Five Developments in ICT Supply Chain Security in October
Much like the mosquito population in D.C., the global supply chain shortage has stuck around for far too long. Is it too much to ask to not be eaten alive by bugs after Halloween?
Without further complaint, here’s what happened in the ICT supply chain this past month.
1. One if by land, two if by sea, three if by large-scale cyber-espionage campaign.
Last week, Microsoft announced that it detected an effort by a Russian intelligence-affiliated hacker group to launch a supply-chain hack against a number of European and U.S. service providers.
The event harkens back to the SolarWinds breach discovered in December 2020, but is different in at least one important way: this time, the campaign was apparently caught much earlier, thus preventing the type of broad and sustained access into endpoint user systems that was achieved in SolarWinds.
The takeaways here are pretty straightforward:
1) All companies are a target. Too many companies think they’re not important enough to be the victim of a hack. But that logic breaks down pretty quickly if you analogize to the example of locking your doors at night: sure, you may not store the Crown Jewels in your living room, but you still don’t want people wandering around inside at 2am. And in a supply chain hack, your vulnerabilities become others’ vulnerabilities.
2) The basics of cyber hygiene are likely still not being implemented by many affected companies. That’s part of the reason why legislators and regulators are hard at work to advance new compliance and security measures like a Software Bill of Materials and reporting requirements for companies impacted by cyber incidents.
3) We’re still bickering over nomenclature—is it a hack? A cyberattack? Routine espionage? Does routine espionage at this scale escalate severity? The real point is that President Joe Biden’s efforts to punish Russiafor the SolarWinds hack don’t appear to have had much impact in preventing future ones.
2. “Why don’t you recognize I’m so rare?”
Rare earth elements (REEs) are in the spotlight. The group is composed of a bunch of metals you may not have never heard of—including Dysprosium, Ytterbium and Praseodymium—but they’re critical components in everything from computers to electric vehicles.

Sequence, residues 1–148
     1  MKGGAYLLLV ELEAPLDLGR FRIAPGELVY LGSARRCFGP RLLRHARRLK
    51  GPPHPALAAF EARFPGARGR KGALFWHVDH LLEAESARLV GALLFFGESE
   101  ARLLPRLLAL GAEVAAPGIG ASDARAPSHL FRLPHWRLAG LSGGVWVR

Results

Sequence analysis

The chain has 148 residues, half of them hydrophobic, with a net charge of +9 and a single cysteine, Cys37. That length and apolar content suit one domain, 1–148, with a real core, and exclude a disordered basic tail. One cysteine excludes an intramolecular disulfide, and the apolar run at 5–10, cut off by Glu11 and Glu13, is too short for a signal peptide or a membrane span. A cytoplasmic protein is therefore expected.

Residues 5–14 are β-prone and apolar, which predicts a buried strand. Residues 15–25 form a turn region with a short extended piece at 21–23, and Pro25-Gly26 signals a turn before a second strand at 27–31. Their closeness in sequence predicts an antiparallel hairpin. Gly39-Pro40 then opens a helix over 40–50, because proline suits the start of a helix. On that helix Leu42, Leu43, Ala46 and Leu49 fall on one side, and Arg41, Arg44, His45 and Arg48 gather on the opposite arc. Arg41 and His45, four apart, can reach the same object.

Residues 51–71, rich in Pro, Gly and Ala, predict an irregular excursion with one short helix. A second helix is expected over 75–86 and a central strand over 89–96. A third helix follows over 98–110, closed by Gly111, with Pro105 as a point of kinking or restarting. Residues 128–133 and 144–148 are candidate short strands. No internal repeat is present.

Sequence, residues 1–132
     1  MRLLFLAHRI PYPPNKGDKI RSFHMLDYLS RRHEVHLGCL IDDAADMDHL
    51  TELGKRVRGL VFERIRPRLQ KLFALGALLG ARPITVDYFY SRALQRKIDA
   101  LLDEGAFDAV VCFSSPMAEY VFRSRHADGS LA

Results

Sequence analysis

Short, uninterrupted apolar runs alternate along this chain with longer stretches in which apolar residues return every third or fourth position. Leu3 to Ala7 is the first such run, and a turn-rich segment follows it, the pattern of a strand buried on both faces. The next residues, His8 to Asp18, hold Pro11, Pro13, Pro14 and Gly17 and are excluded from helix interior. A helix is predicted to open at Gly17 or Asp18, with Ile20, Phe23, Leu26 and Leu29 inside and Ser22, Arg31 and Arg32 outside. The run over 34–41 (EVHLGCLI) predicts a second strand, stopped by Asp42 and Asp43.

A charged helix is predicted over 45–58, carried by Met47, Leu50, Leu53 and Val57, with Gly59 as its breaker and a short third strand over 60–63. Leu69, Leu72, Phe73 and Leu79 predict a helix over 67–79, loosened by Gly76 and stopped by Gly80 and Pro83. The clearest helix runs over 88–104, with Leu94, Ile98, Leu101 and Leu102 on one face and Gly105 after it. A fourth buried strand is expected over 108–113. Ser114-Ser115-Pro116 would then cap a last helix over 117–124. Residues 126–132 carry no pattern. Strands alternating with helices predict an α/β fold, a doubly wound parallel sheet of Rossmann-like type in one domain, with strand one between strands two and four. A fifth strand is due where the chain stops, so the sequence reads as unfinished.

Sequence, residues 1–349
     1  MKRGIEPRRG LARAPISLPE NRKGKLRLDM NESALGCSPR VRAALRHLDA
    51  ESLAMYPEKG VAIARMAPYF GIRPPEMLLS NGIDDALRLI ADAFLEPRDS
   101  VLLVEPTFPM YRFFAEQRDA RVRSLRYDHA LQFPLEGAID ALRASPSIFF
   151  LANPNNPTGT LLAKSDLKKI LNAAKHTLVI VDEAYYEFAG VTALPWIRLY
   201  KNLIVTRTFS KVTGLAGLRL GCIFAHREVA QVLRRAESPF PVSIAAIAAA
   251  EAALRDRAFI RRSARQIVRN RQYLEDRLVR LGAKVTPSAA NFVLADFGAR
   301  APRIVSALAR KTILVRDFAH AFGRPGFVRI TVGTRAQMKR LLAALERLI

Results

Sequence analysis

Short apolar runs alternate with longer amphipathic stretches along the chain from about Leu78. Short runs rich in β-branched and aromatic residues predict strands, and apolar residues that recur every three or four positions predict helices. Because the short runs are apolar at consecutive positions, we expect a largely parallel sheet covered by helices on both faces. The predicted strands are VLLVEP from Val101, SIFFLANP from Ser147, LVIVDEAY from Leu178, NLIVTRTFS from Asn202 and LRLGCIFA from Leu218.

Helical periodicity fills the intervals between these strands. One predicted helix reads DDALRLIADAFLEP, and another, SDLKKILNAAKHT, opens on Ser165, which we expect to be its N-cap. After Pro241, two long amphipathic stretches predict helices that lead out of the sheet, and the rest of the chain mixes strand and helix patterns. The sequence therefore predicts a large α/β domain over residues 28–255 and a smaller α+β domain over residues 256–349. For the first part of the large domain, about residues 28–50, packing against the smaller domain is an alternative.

Like all good things, the current supply of REEs is limited. While there’s actually a healthy amount of REEs distributed around the globe, they’re relatively hard to extract and process. And what country dominates the mining and processing of REEs? You guessed it: China, which currently has a 60 percent slice of the global production pie. The United States is third with 15 percent.
China wants to keep it that way, and is maneuvering to shore up its elemental dominance. They recently announcedthe “restructuring” of three state REE companies to make one behemoth firm in a move seen as intended to increase government control over the industry.
This joint union may have been partly why the Pentagon recently called for more domestic rare earth mining and for allies to join them. But will this be enough to tangibly counter China’s already powerful position in the sector? After all, it’s not like the United States can just start mining overnight: as CleanTechnica points out, there’s a host of issues to iron out like miner safety, health codes and environmental regulation before we ramp up efforts.
For more: the demand for electric vehicles and other green technologies is driving up the need for REEs even more. Check out this emerging planet-friendly extraction method for REEs that experts are saying could help bolster U.S. supply.
3. The Global Supply Chain Crisis (or is it?)
A recent Bloomberg newsletter interrogated some of the basic assumptions around supply chain disruption, stating “The Global Supply Chain Crisis is Neither Global Nor About Supply. Discuss.” University flashbacks, anyone?